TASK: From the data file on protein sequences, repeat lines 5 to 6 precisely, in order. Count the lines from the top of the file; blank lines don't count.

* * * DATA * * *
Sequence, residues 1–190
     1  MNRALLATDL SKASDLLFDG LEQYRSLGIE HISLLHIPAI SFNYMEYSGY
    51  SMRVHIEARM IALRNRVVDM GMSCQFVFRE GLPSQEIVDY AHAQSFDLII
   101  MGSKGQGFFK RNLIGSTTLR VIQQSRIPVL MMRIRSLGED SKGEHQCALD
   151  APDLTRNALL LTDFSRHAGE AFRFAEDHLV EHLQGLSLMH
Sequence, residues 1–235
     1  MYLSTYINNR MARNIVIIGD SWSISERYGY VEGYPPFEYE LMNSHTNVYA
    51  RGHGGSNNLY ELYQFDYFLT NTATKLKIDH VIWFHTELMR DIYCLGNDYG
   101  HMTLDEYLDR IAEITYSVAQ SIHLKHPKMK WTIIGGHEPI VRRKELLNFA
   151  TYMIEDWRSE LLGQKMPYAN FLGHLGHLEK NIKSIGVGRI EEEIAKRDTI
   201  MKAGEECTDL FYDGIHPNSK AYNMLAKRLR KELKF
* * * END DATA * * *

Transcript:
   151  APDLTRNALL LTDFSRHAGE AFRFAEDHLV EHLQGLSLMH
Sequence, residues 1–235